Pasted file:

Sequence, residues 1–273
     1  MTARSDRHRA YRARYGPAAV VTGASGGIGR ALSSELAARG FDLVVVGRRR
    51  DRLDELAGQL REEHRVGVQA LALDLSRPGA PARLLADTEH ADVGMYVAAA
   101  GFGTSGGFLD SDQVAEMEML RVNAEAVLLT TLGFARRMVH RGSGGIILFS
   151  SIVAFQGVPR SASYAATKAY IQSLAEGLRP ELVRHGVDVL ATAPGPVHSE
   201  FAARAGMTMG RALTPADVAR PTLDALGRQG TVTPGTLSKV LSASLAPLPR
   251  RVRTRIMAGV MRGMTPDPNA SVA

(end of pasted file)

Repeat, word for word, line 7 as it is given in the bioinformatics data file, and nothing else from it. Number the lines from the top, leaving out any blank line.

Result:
   251  RVRTRIMAGV MRGMTPDPNA SVA